'Worse than a Mankad': Cricket world erupts over 'extraordinary' dismissal

·Sports Reporter
·4-min read
Nick Larkin (pictured right) didn't realise he was out of his crease and was run out by Aussie captain Tim Paine.
Cricket fans erupted over this dismissal where Nick Larkin (pictured batting) didn't realise he was out of his crease and was run out by Aussie captain Tim Paine. (Images: Cricket Network)

Australian cricket captain Tim Paine has pulled off an ‘extraordinary’ stumping in the Sheffield Shield that sparked a debate on whether it was deemed against the spirit of the game like a ‘Mankad’.

On Day 3 of the Sheffield Shield clash, NSW were building a handy lead with Moses Henriques notching 113 and Nick Larkin 161 as the Blues charged to 6-403 with a lead of 228 runs over the Tigers at tea.

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But as the match started to slip away from Tasmania, quick-thinking from wicket-keeper Paine helped dismiss Larkin.

The controversy occurred when Larkin played and missed a beautiful delivery, after a forward defensive stroke, which Paine collected well-behind behind the stumps.

Larkin held his pose, and appeared to be contemplate how he missed the delivery, when Paine underarmed the ball back and hit the stumps.

To Larkin’s surprise, he was out of his crease.

“That one has gone right through Larkin, another fantastic delivery,” the commentator said.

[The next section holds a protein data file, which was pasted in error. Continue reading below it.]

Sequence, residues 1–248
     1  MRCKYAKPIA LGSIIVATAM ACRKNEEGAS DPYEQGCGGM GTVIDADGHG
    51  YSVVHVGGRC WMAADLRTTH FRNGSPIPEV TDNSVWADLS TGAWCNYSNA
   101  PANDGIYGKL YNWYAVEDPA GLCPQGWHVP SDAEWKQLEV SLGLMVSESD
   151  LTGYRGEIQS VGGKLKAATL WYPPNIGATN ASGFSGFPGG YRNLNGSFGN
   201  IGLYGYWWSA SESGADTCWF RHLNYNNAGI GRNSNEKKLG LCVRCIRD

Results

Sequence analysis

“Now Tim Paine has got a wicket from being a very smart cricketer. Now that’s how you get Larkin out, when he doesn’t expect it.”

The commentator said Larkin “didn’t know much about that one”, which appeared to irk many on social media.

A debate erupted over whether the ball was ‘dead’ or whether it was fair to dismiss Larkin when he had no idea he was out of his crease. While others, like the commentators, applauded Paine for his quick-thinking.

Regardless of the debate on social media, it was a legal dismissal and the Aussie captain’s quick-thinking to remove Larkin handed his team a chance after tea.

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Last year, Ravi Ashwin reignited the debate when he dismissed Jos Buttler at the non-striker’s end by way of a ‘Mankad’.

The method of dismissal is legal but one seen by many as going against the spirit of the game, at least unless the batsman had been persistently backing up and thus warned by Ashwin first.

The incident was all the more contentious as Buttler was still in his crease when Ashwin arrived, only for the bowler to pull out of his action and wait for him to step forward before whipping off the bails.

Mitchell Starc (pictured left and right) warning Adil Rashid for leaving his crease, but avoided a mankad.
Mitchell Starc warned Adil Rashid (pictured) for leaving his crease, but avoided a mankad. (Images: Twitter)

Since then many players have opted not to perform the Mankad, but rather warn the batsman.

The latest example in international cricket was Australia’s Mitch Starc avoiding the Mankad and warning English batsman Adil Rashid instead.

Starc was praised for the sportsmanship.

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